College tuitions are negotiable
As we have stated throughout this program, college tuitions are negotiable. As you have seen in your list of colleges, each one has an ‘In state tuition’ which is full price. Then there is the ‘Net in state tuition’ which is the average price paid after all discounts (grants, scholarships, and other forms of aid) are deducted from the full price. Keep in mind that any grants or aid that comes from the federal or state government will be available to you at each college to which you are applying. What is unique among the colleges is what is referred to as ‘institutional aid’. Each college has its own institutional aid budget, and full discretion regarding who to offer that aid to, and how much aid they will offer.
It is very beneficial for you to know in advance, with which colleges you will have some negotiating leverage, and those where you won’t. Within any given college, there are two primary criteria that influence the college’s decisioning processes regarding who to give aid to, and how much aid to give:
- Your SAT/ACT in relation to the range of a given college. Assuming you’re within the college’s range, the higher your score, the higher the probability that they will accept you. And, when you have a higher probability of being accepted by a given college, the more likely they are to increase the amount of institutional aid they will offer you.
- Family finances are also a strong consideration by colleges. Colleges are run like a business, and accordingly, they need revenue. They prefer people who can pay more tuitions. Those who can pay more, generally do pay more.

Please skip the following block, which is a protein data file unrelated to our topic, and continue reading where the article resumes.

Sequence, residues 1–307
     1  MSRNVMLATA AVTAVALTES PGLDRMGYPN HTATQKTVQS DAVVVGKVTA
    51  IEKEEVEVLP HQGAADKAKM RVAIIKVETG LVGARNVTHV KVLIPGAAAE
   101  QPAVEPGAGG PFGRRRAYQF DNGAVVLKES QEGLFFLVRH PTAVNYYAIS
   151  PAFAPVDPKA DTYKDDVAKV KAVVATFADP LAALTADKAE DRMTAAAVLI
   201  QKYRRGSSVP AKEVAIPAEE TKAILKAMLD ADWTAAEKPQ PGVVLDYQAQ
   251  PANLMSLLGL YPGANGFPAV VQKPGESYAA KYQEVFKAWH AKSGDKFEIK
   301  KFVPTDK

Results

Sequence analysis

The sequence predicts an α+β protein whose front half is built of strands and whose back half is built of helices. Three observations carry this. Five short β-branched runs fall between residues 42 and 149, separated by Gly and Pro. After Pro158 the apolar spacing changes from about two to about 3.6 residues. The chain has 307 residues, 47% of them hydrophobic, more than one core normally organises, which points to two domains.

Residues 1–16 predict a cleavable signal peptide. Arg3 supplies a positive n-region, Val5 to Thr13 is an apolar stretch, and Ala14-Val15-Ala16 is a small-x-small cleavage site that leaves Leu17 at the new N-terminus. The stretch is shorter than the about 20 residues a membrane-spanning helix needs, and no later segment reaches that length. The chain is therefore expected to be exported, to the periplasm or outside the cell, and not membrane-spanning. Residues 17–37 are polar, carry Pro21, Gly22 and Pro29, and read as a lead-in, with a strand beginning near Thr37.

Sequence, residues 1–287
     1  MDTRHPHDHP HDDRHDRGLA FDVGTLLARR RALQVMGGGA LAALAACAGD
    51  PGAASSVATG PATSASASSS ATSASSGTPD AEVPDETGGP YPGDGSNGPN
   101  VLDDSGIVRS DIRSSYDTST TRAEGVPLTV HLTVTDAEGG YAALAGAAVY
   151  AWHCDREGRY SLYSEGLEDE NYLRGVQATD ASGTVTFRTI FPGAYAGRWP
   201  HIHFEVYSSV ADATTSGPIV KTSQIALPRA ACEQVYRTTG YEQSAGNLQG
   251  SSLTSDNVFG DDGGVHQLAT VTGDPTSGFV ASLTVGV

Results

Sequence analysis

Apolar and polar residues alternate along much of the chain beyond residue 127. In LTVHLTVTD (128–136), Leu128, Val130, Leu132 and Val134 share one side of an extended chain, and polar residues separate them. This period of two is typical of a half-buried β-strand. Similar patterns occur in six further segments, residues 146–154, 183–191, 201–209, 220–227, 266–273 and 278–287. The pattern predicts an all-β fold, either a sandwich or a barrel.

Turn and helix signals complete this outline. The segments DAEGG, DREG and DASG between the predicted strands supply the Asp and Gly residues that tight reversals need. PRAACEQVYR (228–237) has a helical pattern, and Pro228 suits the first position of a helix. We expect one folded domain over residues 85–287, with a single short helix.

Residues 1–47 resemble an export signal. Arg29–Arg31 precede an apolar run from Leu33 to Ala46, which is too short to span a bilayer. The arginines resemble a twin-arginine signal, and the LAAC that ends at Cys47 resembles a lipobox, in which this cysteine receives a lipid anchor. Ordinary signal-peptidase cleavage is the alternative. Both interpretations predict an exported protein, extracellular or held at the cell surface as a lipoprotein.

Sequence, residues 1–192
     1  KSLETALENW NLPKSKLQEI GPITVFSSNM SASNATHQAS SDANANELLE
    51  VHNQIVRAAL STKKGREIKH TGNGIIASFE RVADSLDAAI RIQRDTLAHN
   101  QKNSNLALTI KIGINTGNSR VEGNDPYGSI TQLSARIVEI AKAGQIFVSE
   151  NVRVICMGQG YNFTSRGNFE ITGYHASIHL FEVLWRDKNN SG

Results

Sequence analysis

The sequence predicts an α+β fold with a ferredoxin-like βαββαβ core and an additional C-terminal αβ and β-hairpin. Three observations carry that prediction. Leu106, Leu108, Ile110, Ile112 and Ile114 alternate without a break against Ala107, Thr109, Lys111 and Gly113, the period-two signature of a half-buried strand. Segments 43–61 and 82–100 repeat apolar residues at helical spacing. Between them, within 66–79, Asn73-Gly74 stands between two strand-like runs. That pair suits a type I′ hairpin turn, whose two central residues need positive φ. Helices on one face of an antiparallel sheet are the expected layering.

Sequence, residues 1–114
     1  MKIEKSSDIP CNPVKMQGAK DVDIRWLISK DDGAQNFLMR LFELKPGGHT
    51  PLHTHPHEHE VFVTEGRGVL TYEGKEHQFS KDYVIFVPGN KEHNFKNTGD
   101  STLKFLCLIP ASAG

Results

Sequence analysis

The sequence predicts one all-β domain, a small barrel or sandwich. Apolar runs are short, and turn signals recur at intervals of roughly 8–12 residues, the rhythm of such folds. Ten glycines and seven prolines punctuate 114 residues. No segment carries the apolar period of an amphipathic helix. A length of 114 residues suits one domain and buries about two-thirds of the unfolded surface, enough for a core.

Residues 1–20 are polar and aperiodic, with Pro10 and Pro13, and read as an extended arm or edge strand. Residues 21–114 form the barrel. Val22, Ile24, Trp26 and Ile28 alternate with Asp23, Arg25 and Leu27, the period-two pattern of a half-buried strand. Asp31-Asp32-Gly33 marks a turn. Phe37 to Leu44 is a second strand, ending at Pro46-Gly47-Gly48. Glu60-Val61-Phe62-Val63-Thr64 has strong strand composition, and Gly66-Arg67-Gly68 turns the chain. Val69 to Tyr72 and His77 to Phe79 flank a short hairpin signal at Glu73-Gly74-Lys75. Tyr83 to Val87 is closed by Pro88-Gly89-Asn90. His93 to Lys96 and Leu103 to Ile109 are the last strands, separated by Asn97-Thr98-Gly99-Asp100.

To understand more regarding admissions practices and the inter-relationship between test scores and family finances, review the User Guide for our Admissions Probability Program. This provides very deep insights into the methodologies employed by college admissions offices in determining who to admit, to whom they will offer institutional aid, and how much institutional aid will be offered.
Strategic planning and fiscal responsibility for college planning, and your career
The new College Rankings Index is a crucial starting point for your college planning. If you do not even use the program to develop a college list, that is fine. The key takeaways are that you recognize the importance of choosing a college major that leads to a real job, and that you study that major at an affordable college. Select the right major and keep your costs low.
We have 2 other programs that we strongly recommend you incorporate into your college planning process:
College Admissions Probability – this provides you with the probability of being accepted to the colleges you are contemplating, along with your Expected Family Contribution (tuition). This program is a logical next step once you’ve developed a preliminary list from our College Rankings Index.
College Business Plan – build a true budget that is based on your expected college plan. This program will create a real college financial plan that includes your expenditures, your post graduation earnings, and it presents the information to you in a simple format that enables you to revise scenarios to develop a plan that is economically viable.
Lastly, most of our programs are free or operate on a ‘freemium’ pricing model. Premium data run anywhere from $5 to $25 per analysis, depending upon the program. However, subscriptions are available and start at $25 per month for unlimited access to all college planning programs. So you can save money on the data and information that will help you formulate a winning college plan, and we’re a non-profit.
Educate To Career (ETC) is a 501(c)(3) nonprofit. Our mission is focused on helping our youth (particularly the disadvantaged) to secure their best futures via college and career. We do this by providing data and programs which enable families to develop career tracking college plans, with a keen eye on fiscal responsibility.